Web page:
Jacob Siefring at The Quarterly Conversation:
However much the Formalists and New Critics insisted on maintaining an analytic gap between the work of literary interpretation and the life circumstances of authors, readers and reviewers generally expect a modicum of information about the author to come along with a book. Where such information is counterfactual, as in the case of pseudonymity or heteronymity, the situation is a little different, but fundamentally the same. The impulse toward biographical candor is not wholly dodged, as one might first think, but rather reinforced through a teasing gesture that only appears to oppose it. Pseudonymity calls attention to authorship and identity in ways that more conventional forms of attribution do not, and it generally has the effect of intensifying the curiosity and mystique which sometimes surrounds literary authorship.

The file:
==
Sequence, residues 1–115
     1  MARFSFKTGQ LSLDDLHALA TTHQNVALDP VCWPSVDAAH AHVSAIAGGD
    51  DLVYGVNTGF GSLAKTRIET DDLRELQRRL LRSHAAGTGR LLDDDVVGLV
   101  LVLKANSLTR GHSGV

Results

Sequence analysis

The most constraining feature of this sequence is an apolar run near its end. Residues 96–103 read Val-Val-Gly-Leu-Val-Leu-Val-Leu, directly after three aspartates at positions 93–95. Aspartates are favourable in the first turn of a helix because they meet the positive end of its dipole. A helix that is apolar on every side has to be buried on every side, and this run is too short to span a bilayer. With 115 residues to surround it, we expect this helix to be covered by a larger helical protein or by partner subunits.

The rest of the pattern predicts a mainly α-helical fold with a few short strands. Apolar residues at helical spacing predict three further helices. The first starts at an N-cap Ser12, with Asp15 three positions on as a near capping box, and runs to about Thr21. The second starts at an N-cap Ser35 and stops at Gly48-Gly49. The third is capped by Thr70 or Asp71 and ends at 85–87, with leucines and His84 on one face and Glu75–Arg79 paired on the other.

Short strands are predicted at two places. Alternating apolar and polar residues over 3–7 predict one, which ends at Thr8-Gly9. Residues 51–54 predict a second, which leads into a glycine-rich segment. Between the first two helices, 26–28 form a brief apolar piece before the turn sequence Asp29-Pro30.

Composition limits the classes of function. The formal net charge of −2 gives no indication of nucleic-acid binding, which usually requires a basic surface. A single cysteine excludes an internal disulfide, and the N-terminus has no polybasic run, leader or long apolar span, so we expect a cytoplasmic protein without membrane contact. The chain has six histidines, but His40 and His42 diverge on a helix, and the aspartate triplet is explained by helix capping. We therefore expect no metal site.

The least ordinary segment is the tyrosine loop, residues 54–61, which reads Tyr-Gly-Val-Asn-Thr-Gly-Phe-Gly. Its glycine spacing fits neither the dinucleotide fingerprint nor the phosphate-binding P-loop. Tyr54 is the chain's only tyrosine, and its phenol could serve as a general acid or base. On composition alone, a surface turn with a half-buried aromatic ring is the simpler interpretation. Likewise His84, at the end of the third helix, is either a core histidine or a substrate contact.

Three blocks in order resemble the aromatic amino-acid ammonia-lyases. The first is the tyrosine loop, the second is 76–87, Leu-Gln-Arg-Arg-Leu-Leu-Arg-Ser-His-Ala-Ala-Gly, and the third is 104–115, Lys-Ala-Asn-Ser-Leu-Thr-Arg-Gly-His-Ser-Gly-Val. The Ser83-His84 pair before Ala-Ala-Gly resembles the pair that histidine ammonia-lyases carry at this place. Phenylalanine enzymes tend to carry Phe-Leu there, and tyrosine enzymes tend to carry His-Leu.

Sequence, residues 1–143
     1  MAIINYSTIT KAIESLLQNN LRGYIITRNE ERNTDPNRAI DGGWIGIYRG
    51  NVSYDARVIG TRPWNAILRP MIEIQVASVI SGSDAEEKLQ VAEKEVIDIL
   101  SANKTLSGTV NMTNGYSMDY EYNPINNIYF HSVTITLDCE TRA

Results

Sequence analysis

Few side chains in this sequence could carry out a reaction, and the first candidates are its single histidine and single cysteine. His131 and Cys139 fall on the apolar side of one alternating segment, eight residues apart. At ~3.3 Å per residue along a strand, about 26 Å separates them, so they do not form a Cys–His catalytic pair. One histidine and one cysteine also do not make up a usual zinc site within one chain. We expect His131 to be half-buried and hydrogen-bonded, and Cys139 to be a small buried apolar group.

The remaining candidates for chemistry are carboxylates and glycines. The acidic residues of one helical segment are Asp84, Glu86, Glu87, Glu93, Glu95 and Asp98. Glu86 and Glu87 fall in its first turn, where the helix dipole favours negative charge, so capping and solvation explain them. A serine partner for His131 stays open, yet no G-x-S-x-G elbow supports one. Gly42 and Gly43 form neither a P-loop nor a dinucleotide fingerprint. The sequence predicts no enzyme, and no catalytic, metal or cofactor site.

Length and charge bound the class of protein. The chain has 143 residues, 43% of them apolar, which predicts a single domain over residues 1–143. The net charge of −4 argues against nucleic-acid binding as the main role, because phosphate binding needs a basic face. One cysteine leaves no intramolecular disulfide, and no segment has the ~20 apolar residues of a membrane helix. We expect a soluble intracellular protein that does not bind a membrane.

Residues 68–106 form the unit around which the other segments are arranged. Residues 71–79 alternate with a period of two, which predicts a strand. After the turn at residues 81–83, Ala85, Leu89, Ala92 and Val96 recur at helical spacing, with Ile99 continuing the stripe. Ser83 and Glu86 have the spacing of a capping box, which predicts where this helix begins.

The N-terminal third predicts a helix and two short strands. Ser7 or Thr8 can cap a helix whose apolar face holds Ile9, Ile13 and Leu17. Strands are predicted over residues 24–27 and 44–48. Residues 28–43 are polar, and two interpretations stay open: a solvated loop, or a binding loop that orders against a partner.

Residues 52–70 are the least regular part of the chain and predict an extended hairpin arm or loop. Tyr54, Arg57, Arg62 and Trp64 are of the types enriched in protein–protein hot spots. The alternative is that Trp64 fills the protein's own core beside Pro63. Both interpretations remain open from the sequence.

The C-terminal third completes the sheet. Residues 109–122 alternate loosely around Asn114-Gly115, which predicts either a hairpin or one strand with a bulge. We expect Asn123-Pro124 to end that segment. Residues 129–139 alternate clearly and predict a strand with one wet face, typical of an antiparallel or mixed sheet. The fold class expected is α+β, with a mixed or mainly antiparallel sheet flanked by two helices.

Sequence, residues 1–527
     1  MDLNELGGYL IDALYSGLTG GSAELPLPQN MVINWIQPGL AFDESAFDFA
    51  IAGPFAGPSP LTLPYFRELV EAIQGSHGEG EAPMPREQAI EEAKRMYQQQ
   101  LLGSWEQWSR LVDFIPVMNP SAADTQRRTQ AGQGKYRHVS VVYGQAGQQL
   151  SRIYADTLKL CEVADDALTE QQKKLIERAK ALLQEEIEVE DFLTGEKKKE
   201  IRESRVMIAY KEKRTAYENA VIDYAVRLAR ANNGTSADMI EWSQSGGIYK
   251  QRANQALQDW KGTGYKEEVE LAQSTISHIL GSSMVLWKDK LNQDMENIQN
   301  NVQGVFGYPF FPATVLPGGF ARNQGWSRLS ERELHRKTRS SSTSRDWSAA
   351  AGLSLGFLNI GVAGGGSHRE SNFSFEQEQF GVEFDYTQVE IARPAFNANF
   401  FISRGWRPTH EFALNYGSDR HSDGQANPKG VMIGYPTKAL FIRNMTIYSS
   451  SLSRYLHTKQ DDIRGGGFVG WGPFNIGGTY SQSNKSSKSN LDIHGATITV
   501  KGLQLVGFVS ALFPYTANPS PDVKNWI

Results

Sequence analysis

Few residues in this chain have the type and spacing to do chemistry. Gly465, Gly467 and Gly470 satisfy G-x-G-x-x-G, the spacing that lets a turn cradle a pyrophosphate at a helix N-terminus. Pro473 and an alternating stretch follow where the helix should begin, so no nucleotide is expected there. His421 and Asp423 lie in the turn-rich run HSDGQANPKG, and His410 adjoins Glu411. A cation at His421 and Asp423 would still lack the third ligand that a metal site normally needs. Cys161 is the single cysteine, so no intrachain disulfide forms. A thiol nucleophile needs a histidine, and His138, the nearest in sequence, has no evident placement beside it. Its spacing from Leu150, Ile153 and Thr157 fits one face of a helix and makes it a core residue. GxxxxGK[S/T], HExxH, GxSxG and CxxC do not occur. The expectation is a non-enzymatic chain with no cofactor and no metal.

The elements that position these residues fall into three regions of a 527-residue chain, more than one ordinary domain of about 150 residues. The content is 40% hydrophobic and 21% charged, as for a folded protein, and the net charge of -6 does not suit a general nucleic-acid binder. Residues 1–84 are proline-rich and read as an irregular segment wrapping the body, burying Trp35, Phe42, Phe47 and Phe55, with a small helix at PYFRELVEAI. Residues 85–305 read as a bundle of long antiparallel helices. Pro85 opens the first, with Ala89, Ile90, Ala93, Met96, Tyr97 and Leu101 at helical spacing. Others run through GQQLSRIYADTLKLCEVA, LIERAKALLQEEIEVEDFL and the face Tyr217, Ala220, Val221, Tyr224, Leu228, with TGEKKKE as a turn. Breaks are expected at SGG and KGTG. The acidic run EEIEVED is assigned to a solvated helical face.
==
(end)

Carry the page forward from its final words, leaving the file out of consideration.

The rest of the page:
In other words, textual signification is never only intrinsic to the text, but on the contrary always also framed by what information is known about its composition and provenance. A famous Borges story, “Pierre Menard, Author of the Quixote,” pivots on this interplay between authorship/attribution and signification. The central character, a writer called Pierre Menard, develops an ambition to “produce a number of pages which coincided—word for word and line for line—with those of Miguel de Cervantes.” When the narrator of the story compares Menard’s fragments with the corresponding passages from Cervantes, he is awestruck by the differences of style that arise from attributing the text to either Cervantes or Menard.